Eurozone economy failed to pick upChristian Fernsby ▼ | January 27, 2020
Eurozone growth remains muted Flash PMI data for January indicated that the eurozone economy failed to pick up growth momentum at the start of 2020.
Business in Europe The rate of expansion has remained broadly stable
Topics: Eurozone economy
Underlying data showed that growth of services activity eased slightly, while the manufacturing sector moved closer to stabilisation.
Combined growth of the ‘big-2’ eurozone economies picked up, but this was offset by near-stagnation across the rest of the single-currency area.
The ‘flash’ IHS Markit Eurozone Composite PMI was unchanged at 50.9 in January, signalling a further muted increase in activity across the euro area economy.
The rate of expansion has remained broadly stable since the start of the final quarter of 2019, running at the weakest for around six-and-ahalf years.
The overall expansion in business activity was again centred on the service sector.
That said, services activity rose at a slightly weaker pace than in December.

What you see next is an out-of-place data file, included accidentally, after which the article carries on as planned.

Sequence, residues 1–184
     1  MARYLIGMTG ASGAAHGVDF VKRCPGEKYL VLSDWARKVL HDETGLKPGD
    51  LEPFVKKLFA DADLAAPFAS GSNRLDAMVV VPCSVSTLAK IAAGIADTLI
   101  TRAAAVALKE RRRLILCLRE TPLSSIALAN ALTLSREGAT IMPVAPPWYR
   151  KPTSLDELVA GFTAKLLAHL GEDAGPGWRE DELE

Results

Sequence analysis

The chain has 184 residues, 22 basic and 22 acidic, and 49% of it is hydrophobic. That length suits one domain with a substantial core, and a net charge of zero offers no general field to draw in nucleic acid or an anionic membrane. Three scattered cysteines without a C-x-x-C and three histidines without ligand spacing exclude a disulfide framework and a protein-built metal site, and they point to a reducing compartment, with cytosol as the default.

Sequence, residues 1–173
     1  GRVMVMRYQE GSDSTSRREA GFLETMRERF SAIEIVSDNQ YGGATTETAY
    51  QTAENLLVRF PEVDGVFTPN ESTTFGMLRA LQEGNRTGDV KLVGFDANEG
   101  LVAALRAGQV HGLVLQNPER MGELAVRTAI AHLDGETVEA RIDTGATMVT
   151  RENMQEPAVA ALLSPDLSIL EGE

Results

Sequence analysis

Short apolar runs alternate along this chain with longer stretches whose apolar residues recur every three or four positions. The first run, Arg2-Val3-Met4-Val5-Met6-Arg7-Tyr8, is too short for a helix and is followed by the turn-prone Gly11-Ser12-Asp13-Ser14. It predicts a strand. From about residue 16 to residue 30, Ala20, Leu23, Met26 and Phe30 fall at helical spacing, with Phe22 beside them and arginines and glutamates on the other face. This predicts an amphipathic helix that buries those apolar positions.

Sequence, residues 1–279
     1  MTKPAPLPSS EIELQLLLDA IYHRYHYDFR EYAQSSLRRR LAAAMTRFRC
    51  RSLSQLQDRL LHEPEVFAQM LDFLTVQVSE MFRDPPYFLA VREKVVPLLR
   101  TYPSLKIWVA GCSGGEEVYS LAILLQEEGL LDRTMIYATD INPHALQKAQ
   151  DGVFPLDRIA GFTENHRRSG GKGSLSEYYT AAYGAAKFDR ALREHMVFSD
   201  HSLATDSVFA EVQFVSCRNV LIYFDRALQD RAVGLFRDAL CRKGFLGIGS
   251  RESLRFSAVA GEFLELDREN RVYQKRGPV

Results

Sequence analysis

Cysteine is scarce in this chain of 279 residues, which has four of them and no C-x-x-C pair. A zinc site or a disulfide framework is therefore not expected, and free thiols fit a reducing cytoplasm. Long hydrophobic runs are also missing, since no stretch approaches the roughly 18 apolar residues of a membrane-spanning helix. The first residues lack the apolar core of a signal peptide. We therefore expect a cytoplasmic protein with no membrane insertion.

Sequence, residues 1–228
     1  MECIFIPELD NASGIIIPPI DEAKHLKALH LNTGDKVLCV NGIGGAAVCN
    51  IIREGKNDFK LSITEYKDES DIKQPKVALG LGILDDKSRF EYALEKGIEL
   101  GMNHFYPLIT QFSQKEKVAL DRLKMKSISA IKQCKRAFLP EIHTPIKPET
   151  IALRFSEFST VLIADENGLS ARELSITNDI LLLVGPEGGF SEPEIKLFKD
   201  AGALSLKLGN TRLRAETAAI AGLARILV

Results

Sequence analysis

Meanwhile, manufacturing production remained in contraction, but the rate of decline eased to the softest in five months.
The ongoing muted pace of output growth reflected a lack of momentum in new order inflows.
New business increased for the second month running in January, but the rate of expansion remained marginal.
There were signs of manufacturing new orders nearing stabilisation at the start of the year, with the rate of decline in new work easing to the softest since November 2018.
This was also the case with regards to manufacturing new export business.* While rates of growth in output and new orders remained muted at the start of the year, companies were increasingly confident regarding the yearahead outlook for activity.
Business sentiment rose to a 16-month high, largely thanks to a fifth successive improvement in confidence among manufacturers amid signs that the worst of the recent downturn has passed.
Confidence in the outlook for output encouraged companies to take on additional staff in January.
The rate of job creation quickened from that seen at the end of 2019, but remained muted amid further job cuts at manufacturers.
Rises in operating capacity enabled companies to deplete backlogs of work again at the start of 2020. ■